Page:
For us to build teams where people feel safe, supported, and heard, it takes the team coming together with curiosity and a willingness to value each other. The ways each of us feels safety, support, and validation is going to look differently based on our own lived experience. As a faculty member for the Center for Trauma Resilient Communities, I often return to our paradigm-shift questions. These are: “What happened to you?,” “What’s happening to you?,” and “What’s strong in you?” Holding onto those questions, I have found it insightful to connect our adult behavior and personality to the entirety of our childhood (including genetics). Your Enneagram type – your core motivation in the world – connects directly to what has shaped you. It connects where our bodies seek to break reenactment cycles and heal wounds living within our cells.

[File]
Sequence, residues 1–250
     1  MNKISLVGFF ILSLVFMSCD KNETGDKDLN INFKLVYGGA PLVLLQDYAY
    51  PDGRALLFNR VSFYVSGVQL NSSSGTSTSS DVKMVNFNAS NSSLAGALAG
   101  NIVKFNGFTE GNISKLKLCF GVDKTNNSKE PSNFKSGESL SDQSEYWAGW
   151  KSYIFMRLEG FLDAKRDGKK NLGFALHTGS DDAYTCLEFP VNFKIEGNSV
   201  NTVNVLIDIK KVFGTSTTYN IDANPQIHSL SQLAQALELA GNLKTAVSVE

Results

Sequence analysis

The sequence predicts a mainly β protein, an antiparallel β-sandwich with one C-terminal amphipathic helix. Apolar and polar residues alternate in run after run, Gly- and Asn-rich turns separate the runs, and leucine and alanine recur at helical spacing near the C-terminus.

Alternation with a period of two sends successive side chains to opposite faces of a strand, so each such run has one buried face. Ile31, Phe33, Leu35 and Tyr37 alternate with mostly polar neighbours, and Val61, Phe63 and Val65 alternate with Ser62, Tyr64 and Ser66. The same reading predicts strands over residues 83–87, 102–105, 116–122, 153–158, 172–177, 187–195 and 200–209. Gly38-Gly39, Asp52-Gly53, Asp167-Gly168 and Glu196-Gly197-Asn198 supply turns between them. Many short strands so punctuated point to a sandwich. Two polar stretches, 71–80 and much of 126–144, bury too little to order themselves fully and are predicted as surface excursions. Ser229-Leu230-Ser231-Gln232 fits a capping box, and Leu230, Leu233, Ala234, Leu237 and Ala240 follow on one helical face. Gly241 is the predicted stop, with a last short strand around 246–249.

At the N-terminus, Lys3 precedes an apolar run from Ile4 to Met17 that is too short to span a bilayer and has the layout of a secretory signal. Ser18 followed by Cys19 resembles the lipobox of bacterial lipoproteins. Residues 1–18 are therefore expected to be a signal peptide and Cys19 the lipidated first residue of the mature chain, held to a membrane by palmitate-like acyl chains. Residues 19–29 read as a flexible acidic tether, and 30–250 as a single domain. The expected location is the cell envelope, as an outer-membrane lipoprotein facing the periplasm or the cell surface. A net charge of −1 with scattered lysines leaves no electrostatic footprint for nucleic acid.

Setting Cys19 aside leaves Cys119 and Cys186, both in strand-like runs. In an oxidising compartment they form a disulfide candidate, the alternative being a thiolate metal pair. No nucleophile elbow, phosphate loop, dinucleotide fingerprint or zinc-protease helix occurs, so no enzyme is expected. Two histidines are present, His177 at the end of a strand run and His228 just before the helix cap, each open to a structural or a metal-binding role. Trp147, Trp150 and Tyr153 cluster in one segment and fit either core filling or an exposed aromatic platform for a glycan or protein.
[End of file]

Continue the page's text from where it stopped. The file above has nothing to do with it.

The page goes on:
From a brain science perspective, there have been some exciting recent connections made by folks like Dan Siegel (of Hand Model of the Brain fame) to outline brain-based awareness building strategies for each type. They also connect neurobiology to those fixations of the head (fear), heart (shame), and gut (anger) center. Working with integration and the stress/growth patterns of the Enneagram also aligns really well with what we know about neuroplasticity and the brain, connecting the Enneagram tradition to modern resilience-building practices.

enneagram and positive work culture

Employing the Enneagram at Crossnore

I have been using the Enneagram as a tool for my own self-understanding and development for about 10 years. I’ve been using it with teams at Crossnore for the past five. I identify most with the self-preservation type 4, sometimes referred to as “long-suffering.” Those who see me in a facilitation capacity might identify a lot of the type 7 coming through in my humor and in my gregariousness. While I can definitely relate to the 7 motivations, it is an energetic source that I can pull from to get people excited, joyful, and in a spirit of abundant possibility and connection (which is my core motivation – to feel safe through connectedness). Other times, I can come across very much like a type 9, or a type 2.